Everything that lives or ever lived on Earth is somehow related to everything else. But figuring out just how all those critters and plants and pond scums fit together has posed a bit of a challenge. There are a lot of Earthlings, after all, and with around 15,000 species discovered each year, our family tree keeps getting bigger and more complicated all the time.
That's why the researchers, who reported their new tree on Friday in the Proceedings of the National Academy of Sciences, have open-sourced the model, making it free to download online. This is simply version 1.0, and they're going to need help with revisions.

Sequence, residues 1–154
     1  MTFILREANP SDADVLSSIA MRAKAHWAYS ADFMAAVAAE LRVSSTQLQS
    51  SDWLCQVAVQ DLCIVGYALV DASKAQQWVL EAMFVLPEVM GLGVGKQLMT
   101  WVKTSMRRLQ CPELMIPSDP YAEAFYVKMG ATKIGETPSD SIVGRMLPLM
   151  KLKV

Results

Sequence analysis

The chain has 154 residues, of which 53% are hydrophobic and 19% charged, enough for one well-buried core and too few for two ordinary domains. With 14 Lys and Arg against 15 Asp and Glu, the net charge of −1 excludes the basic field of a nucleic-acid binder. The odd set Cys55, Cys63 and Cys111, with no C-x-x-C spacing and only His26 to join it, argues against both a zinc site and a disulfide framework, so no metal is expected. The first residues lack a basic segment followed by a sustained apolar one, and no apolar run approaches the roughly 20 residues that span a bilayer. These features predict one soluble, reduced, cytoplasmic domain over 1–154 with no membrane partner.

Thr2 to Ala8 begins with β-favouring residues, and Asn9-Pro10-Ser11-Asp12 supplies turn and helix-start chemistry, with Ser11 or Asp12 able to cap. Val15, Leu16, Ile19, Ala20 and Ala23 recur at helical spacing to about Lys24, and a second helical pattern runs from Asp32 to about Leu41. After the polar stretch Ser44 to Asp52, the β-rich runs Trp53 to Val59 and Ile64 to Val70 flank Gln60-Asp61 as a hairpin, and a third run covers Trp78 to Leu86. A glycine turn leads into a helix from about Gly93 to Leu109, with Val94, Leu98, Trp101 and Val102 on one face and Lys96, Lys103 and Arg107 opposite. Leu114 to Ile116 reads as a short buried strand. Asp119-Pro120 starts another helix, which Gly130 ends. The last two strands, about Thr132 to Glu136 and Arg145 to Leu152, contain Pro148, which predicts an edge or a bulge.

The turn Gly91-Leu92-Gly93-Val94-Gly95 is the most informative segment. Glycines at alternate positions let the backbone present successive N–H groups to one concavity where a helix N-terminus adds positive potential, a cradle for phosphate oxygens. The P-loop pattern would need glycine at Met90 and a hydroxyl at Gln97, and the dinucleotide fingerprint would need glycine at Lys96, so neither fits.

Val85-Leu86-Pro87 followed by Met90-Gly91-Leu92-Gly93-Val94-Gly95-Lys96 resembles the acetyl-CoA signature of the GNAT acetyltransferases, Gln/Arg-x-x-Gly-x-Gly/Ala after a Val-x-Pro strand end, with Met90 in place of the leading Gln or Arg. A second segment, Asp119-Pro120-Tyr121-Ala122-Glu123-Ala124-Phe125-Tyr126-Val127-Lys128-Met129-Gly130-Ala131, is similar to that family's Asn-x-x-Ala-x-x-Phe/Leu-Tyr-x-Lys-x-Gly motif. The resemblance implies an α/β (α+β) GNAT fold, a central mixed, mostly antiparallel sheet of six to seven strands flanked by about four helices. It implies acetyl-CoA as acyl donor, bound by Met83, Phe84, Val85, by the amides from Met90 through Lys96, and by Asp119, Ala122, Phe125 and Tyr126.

The first draft combined around 500 existing trees to come close to true completion. But close is a relative term here.
One popular study estimated a staggering 8.7 millions of species on Earth today, let alone in the planet's entire history. There are a lot of gaps we've yet to fill in. And the relationships between different species aren't always easy to pin down, so some are controversial or just totally mysterious.
"As important as showing what we do know about relationships, this first tree of life is also important in revealing what we don't know," co-author Douglas Soltis of the University of Florida said in a statement.
The researchers hope that other scientists will help finish the job by uploading their own data.